Victor Dubreuil (active 1880-1910) Fresh Peanuts, ca. 1890 Oil on canvas 8” x 10”


William Harnett (1848-1892) Pipe, Newspaper & Tobacco Pouch Oil on canvas 7.5” x 9.75”


Paul De Longpré (1855-1911) A Bunch of California Poppies, 1904 Watercolor on paper 20” x 12.5”


Bror Julius Olsson Nordfeldt (1878-1955) Still Life with Fruit Oil on canvas 32.25” x 37”

Andrew Dasburg (1887-1979) Still Life with Zinnias Oil on canvas on panel 17.75” x 13.5”


Max Weber (1881-1961) Italian Pitcher Oil on canvas 23.75” x 19.75”


Alfred Maurer (1868-1932) Table Top Still Life, ca. 1919 Oil on panel 21.5” x 17.75”

Francis Criss (1901-1973) Still Life and Figure, ca. 1930s Oil on canvas 33” x 28”


Betty Lane (1907-1996) Untitled Decaying Leaves, 1939 Oil on masonite 12” x 20”

Luigi Lucioni (1900-1988) Still Life, 1940 Oil on canvas 20.25” x 16.25”


Richard Haines (1906-1984) Sun Fish, 1945 Oil on masonite 16” x 20”

John Bernhardt (1921-1963) Basement Still Life, 1948 Oil on canvas 18” x 24”


Harry Carmean (b. 1922) Still Life with Figure, 1950 Oil on canvas 12.75” x 15.5”

Dan Lutz (1906-1978) Melon Still Life, 1954 Oil on canvas 24” x 30”


Howard Warshaw (1920-1977) Still Life with Lemons, 1961 Oil on panel 16” x 26”


R. Kenton Nelson (b. 1954) Nude #3, 2004 Oil on canvas 12” x 16”

Hank Pitcher (b. 1949) Primrose and Water Tower I, 2004 Oil on canvas 9” x 12”


Bo Bartlett (b. 1955) Tea For Three, 2002 Oil on paper 30.75” x 38.5”


OUR GALLERY WILL FEATURE STILL LIFE ARRANGEMENTS CREATED COURTESY OF: STEVE CUSHMAN • STAN HOLLINGSWORTH • PHILIP AND JANE JOHNSTON • KALEIDOSCOPE FLOWERS • RITA FERRI • KELCEY KEIM • BILL AND B.K. KELM • THE RITZ FLOWERS • GERRY SPENCE • DR. JIM TAMBORELLO • VICTOR THE FLORIST • VINCENT ROBBINS • AND OTHERS

AN EXHIBITION OF SCULPTURE AND CERAMICS BY: KEN BORTOLAZZO • IRMA CAVAT • STEVE CUSHMAN • MARGARET FORD • PETER KUENTZEL • RICKY MALDONANDO • SUSAN PARRISH • KEITH PUCCINELLI • DON L. REITZ • PORNTIP SANGUANICH • PAUL SOLDNER • NICOLE STRASBURG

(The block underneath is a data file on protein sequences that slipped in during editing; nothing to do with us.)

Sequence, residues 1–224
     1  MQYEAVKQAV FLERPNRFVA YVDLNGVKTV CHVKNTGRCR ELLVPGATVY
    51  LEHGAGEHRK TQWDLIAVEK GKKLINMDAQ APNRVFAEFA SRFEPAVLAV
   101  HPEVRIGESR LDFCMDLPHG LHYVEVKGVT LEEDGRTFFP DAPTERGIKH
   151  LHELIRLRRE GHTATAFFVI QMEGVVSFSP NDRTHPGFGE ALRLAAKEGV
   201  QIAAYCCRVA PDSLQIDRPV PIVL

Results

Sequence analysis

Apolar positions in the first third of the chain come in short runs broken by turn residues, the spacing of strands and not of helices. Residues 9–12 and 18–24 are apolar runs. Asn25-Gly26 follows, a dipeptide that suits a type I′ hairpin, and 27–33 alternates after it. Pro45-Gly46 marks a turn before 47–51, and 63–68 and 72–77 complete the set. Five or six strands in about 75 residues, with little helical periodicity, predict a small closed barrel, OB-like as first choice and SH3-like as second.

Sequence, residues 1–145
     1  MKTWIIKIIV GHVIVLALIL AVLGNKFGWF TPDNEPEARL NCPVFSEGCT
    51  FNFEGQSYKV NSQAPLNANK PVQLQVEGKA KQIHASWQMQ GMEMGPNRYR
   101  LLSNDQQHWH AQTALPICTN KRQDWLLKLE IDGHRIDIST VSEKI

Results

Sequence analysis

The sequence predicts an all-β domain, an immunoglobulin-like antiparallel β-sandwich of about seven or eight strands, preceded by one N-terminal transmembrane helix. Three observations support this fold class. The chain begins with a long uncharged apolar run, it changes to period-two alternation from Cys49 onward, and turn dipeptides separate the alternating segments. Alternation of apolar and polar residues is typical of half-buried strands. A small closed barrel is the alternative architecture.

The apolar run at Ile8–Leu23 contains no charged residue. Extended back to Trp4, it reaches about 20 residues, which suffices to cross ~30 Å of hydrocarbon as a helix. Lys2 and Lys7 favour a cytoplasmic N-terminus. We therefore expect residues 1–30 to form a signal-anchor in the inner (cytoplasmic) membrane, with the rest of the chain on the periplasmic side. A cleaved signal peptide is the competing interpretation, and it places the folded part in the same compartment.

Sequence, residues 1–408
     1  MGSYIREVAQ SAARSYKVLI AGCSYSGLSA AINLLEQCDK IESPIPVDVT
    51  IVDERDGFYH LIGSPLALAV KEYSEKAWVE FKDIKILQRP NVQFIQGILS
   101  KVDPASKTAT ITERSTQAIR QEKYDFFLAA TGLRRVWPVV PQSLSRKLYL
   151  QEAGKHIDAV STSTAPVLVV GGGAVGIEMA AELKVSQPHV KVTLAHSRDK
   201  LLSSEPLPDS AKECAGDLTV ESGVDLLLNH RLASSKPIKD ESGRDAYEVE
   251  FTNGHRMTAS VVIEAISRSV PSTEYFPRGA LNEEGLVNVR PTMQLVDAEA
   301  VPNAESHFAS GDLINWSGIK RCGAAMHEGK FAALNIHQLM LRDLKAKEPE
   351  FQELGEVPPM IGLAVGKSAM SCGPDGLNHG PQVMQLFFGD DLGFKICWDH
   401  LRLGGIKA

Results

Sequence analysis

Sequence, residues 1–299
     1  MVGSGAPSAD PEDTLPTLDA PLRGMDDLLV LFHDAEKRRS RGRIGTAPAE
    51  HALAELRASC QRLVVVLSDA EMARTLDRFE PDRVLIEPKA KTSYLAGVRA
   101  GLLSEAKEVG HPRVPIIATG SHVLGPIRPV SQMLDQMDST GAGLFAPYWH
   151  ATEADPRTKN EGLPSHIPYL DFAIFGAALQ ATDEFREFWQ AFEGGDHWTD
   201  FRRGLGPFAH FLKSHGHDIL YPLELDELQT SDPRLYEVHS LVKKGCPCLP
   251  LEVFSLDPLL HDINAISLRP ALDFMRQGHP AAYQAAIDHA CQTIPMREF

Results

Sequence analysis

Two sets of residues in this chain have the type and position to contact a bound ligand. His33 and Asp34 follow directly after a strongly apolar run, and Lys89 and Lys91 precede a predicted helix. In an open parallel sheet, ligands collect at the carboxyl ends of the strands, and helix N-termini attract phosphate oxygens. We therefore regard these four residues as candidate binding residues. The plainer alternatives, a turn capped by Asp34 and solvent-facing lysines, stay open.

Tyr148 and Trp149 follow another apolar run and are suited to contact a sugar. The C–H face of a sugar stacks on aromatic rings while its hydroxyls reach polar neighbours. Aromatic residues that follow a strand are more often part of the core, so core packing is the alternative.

LIST OF ARTISTS: BO BARTLETT • JOHN BERNHARDT • JESSIE ARMS BOTKE • WILLIAM MASON BROWN • CLAUDE BUCK • HARRY CARMEAN • IRMA CAVAT • LYDIA COOLEY • FRANCIS CRISS • ANDREW DASBURG • JOSEPH DECKER • PAUL DE LONGPRÉ • VICTOR DUBREUIL • MAX ERNST • ANYA FISHER • GEORGE FORSTER • JON FRANCIS • NAN GREACEN • RICHARD HAINES • EJNAR HANSEN • LYLA HARCOFF • WILLIAM HARNETT • STAN HOLLINGSWORTH • DAVID JOHNSON • WAYNE LACOM • BETTY LANE • EDWARD C. LEAVITT • LUIGI LUCIONI • HELEN LUNDEBERG • DAN LUTZ • MARIUSA • JAN MATULKA • ALFRED MAURER • NELL BROOKER MAYHEW • JOHN MORA •R. KENTON NELSON • B.J.O. NORDFELDT • GEOGIA O’KEEFFE • HANK PITCHER • MIRIAM SLATER • JOSEPH STELLA • FLORINE STETTHEIMER • GAYLE B. TATE • RAY TURNER • GRACE VOLLMER • NELL WALKER WARNER • HOWARD WARSHAW


MARCH 27 - JUNE 1, 2004 REOPENING CELEBRATION AND RECEPTION: SATURDAY, MARCH 27 FROM 5 -7 PM 7 EAST ANAPAMU STREET SANTA BARBARA SCHEDULED PRESENTATIONS: “AMERICAN STILL LIFE PAINTING” by Catherine Whitney Saturday, April 17, 2004 at 11:00 AM “CONTEMPORARY ISSUES FROM THE ARTIST’S PERSPECTIVE” by Hank Pitcher Saturday, May 8, 2004 at 11:00 AM Seating limited, to reserve a seat, call (805) 730-1460


Sullivan Goss - An American Gallery 7 East Anapamu Street Santa Barbara, CA 93101 (805) 730-1460

Member Fine Arts Dealer Association

TO LEARN MORE, PLEASE VISIT US ON THE WEB www.sullivangoss.com/exhibits/still_life.asp

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Not Just Another Pretty Vase  

In celebration of 20 years as an Art Gallery, Sullivan Goss is pleased to announce its grand reopening with a comprehensive exhibition of Am...

Not Just Another Pretty Vase  

In celebration of 20 years as an Art Gallery, Sullivan Goss is pleased to announce its grand reopening with a comprehensive exhibition of Am...